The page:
- Orientation: Do you have more height than width in your room or vice versa? Since casement windows open to the left and right, they are suited for more height rooms than their width. Awning windows open upwards and are suited for greater width than height rooms.
- Maintenance: Do you clean your windows yourself, or do you use a cleaning agency? If you do it yourself, you should know that it is much easier to clean casement windows because they can be cleaned from within your home. Awning windows, however, are cleaned from outside and will require additional effort and time for maintenance.
- Available space: Do you have limited or excess space beyond your windows? Awning windows require an ample amount of space to open fully. Therefore, casement windows should be your go-to option if you have limited space.
- Emergency escape: Do you want to install a window for an alternative escape route? If so, depending on your building code, you might use casement or hopper windows, so awning units might not be the best pick.
Casement or Awning Windows: Prices Breakdown
Shopping for new windows will not be a cheap endeavour, that’s for sure. And even though both window styles share many similarities, there is still some slight difference in price depending on the location within your house, different add-ons and your likings. The table below represents the approximate price ranges for both window styles so you can ultimately decide on your budget when picking the best replacement window for your project.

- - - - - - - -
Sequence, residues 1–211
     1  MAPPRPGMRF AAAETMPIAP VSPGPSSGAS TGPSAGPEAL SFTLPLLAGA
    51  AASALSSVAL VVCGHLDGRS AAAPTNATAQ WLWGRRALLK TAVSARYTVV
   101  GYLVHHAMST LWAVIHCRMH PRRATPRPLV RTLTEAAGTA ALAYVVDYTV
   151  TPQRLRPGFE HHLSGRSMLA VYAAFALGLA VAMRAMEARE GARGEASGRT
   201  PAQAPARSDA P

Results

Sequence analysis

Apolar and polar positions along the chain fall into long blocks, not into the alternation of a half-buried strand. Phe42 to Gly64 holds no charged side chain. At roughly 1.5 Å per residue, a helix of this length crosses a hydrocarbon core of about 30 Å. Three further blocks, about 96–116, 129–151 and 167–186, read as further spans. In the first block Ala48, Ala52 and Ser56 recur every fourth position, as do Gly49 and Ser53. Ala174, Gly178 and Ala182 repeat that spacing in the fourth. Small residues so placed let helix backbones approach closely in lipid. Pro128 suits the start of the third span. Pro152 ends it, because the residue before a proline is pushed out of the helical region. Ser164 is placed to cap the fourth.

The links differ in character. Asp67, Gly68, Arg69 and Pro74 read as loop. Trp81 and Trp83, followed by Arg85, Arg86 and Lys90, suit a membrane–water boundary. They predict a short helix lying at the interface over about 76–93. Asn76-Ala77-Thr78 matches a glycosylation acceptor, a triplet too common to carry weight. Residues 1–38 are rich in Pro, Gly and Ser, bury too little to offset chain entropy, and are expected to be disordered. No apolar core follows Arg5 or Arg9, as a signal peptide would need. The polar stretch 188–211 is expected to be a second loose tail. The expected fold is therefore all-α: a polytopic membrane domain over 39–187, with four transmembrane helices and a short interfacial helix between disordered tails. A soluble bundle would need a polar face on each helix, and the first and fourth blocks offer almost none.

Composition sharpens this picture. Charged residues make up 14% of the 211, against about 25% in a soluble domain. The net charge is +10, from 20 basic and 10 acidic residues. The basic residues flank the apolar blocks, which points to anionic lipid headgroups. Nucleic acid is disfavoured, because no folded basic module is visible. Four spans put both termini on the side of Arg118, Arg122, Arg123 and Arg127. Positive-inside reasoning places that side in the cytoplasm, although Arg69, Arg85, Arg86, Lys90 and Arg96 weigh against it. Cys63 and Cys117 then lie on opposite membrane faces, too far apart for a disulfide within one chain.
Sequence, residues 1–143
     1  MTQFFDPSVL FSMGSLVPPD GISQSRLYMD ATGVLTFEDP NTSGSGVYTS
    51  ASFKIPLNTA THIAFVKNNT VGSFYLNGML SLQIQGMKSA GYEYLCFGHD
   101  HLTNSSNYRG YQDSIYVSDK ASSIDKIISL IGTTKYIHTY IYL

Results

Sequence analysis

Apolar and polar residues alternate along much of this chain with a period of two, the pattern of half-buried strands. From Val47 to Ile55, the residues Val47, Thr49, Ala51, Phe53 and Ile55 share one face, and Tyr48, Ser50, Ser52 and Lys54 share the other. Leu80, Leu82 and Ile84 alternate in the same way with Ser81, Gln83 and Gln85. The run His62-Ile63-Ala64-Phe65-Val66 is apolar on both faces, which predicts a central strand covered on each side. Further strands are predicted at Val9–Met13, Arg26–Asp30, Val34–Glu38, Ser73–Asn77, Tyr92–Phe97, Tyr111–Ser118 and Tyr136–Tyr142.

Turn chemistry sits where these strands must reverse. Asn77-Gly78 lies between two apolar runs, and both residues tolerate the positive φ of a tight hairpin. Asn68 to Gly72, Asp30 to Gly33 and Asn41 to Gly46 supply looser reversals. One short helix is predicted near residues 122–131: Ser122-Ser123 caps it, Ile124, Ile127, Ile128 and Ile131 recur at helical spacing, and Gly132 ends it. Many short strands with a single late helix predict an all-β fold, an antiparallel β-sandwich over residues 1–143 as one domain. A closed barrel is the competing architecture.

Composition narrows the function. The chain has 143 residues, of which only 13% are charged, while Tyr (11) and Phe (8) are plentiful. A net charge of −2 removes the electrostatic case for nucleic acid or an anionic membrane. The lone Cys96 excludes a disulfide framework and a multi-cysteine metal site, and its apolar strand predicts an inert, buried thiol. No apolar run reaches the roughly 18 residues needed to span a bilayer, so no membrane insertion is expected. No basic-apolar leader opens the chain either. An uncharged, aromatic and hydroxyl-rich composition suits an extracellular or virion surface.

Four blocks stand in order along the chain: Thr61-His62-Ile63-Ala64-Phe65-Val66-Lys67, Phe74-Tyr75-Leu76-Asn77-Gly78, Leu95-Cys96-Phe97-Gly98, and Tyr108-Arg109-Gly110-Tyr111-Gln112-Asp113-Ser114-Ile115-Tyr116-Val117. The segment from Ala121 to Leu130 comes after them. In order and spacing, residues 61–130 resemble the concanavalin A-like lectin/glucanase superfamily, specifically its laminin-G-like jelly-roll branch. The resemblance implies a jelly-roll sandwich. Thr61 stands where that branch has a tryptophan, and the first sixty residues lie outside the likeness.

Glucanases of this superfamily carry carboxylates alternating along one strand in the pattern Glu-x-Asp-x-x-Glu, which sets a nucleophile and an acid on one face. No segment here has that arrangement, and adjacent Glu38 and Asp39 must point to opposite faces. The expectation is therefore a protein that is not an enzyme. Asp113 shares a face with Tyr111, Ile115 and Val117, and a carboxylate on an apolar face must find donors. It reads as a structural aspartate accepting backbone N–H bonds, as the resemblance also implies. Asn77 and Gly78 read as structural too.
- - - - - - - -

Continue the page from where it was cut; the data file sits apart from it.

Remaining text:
|Location||Casement Window||Awning Window|
|Basement||$535 – $1,022||$471 – $1114|
|Bathroom||$446 – $1,032||$432 – $943|
|Bedroom||$444 – $1193||$893 – $909|
|Bonus room||$676 – $1134||$494 – $944|
|Dining room||$550 – $1348||$843 – $1429|
|Family room||$605 – $1999||$621 – $1157|
|Front||$583 – $1014||$483 – $1414|
|Kitchen||$329 – $1356||$419 – $1471|
|Living room||$484 – $1614||$485 – $1384|
|Master bedroom||$545 – $1304||$588 – $1120|
|Nook||$549 – $1149||$734 – $920|
Source: Ecoline Casement Windows
Do not overlook correct installation
If you have decided on the right window style for your project, that’s already half a job done. What’s left now is finding a reliable window company to sell the units and install them for your house. Why not consider the DIY door installation? You can try it, but window replacement is a complex task that requires previous experience, the right set of tools, and much expertise. Even the best windows will not serve you to their maximum if installed poorly, bringing a drop in energy efficiency and overall performance. That is why we recommend dealing with professionals who:
- Follow your local building code;
- Have much expertise and in-house installers;
- Consult you well on what works best for your house;
- Have many positive reviews online on sites such as HomeStars or Yelp.
The Bottom Line
Both windows are excellent choices for your home. You can’t go wrong with either because they have so many benefits. So the final choice actually boils down to your personal preferences, location within your house and your available space.